Charter School vs. Charter School

In the past month, I have subbed in two different charter schools, both in the same school district.  Both schools have relatively new buildings, with decent equipment and supplies.  Both schools require their K-8 students to wear uniforms – polos, khakis, plain pants or skirts, etc.  Both schools have large class sizes, though at the second one, they were a bit smaller.  I was in the same classroom at each school for 2 days. 

The first school I will not go back to; the second school, I will return to any time I get called.  Why?  At the first school, regimentation seems to be the order of the day.  My day was planned down to the last minute:  at 8:45 take attendance; at 8:47 say the pledge; at 8:49, announce to the class, “Get ready to transition to …”; etc.  As a sub, I felt this to be a recipe for failure – if attendance took longer than expected, I was already behind; if I waited to line them up for something, until they were quiet, they were late to their next class.  The day felt regimented and overplanned.  Except that, the regular teacher forgot to tell me some important things – like where the math book was (on the shelf, under the white board) and how much of the lesson had already been taught (a significant amount), and where the science test was that they were supposed to take (on a different shelf).  It was an uncomfortable two days.  And, this time at least, it wasn’t really due to the kids.  They were reasonably respectful and interesting.  Or at least I thought so, until I went to the second school.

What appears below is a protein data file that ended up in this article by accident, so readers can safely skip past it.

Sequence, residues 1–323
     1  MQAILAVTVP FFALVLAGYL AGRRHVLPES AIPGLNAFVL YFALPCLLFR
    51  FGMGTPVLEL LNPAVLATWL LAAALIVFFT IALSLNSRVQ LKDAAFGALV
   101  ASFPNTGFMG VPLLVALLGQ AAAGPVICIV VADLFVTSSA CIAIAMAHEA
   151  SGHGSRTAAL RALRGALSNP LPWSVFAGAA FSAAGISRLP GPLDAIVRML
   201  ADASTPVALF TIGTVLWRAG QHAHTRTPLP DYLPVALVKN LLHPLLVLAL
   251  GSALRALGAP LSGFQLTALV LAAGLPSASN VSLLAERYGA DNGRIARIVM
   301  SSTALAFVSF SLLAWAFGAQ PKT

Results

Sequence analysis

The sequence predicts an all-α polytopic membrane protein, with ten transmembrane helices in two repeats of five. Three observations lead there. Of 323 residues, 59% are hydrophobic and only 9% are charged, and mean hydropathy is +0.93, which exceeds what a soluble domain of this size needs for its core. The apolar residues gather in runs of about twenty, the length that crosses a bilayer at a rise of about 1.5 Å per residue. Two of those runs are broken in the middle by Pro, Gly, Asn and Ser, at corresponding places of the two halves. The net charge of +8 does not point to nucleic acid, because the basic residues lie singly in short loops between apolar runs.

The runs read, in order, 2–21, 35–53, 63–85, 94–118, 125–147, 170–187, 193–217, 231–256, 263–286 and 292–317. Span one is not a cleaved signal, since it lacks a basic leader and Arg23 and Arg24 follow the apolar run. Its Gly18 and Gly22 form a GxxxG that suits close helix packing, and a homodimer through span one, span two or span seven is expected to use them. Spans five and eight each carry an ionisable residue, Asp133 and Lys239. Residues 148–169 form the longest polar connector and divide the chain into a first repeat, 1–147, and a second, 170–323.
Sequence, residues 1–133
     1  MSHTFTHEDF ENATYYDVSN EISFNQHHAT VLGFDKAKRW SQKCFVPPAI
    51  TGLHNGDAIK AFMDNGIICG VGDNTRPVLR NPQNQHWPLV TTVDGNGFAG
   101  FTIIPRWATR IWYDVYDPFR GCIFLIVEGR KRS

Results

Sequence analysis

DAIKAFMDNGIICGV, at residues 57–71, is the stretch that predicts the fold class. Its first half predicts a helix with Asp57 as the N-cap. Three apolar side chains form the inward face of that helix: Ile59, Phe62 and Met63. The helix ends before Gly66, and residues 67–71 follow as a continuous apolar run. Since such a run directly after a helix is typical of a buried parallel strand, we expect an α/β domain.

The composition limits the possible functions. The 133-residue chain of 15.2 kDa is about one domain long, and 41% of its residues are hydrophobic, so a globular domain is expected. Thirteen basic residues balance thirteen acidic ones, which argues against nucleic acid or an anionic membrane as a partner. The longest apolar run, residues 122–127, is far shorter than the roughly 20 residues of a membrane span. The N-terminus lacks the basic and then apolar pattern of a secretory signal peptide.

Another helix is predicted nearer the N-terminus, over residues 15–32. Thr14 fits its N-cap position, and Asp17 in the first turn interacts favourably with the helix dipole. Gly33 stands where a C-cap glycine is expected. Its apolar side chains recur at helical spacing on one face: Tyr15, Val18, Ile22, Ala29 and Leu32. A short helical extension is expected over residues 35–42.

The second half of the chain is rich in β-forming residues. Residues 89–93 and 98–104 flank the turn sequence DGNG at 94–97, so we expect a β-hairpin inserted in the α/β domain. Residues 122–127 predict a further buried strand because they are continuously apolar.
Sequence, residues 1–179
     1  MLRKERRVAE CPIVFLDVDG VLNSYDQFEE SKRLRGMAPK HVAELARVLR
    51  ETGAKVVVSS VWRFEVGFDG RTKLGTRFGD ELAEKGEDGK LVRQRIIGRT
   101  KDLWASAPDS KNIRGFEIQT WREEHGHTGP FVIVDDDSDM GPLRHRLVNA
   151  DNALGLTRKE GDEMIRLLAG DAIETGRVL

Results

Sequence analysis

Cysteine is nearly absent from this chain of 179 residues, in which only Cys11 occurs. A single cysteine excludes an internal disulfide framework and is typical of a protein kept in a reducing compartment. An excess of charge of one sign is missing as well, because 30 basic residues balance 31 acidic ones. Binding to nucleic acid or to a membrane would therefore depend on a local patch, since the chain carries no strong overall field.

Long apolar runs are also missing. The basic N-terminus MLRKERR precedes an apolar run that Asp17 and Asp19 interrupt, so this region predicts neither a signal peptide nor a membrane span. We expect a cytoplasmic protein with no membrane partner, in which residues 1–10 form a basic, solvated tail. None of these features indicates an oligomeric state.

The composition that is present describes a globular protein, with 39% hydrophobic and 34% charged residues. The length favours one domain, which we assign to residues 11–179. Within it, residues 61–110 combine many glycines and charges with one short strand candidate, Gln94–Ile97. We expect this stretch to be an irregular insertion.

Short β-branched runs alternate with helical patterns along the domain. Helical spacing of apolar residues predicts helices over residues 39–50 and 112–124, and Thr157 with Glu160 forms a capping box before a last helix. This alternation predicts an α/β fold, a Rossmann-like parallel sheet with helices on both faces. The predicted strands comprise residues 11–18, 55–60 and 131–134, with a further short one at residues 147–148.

The second school was actually enjoyable.  The lessons I taught were substantial and allowed me to actually do some teaching – bring some of myself into the lesson.  I wasn’t just a place-holder, delivering a throw-away lesson, while the REAL teacher was gone.  And the kids made me feel like they were actually intrinsically nice, not just regimented into it.  I wish I knew the secret to the atmosphere of the second school.  I have been to other schools that feel as welcoming and worthwhile, but not many.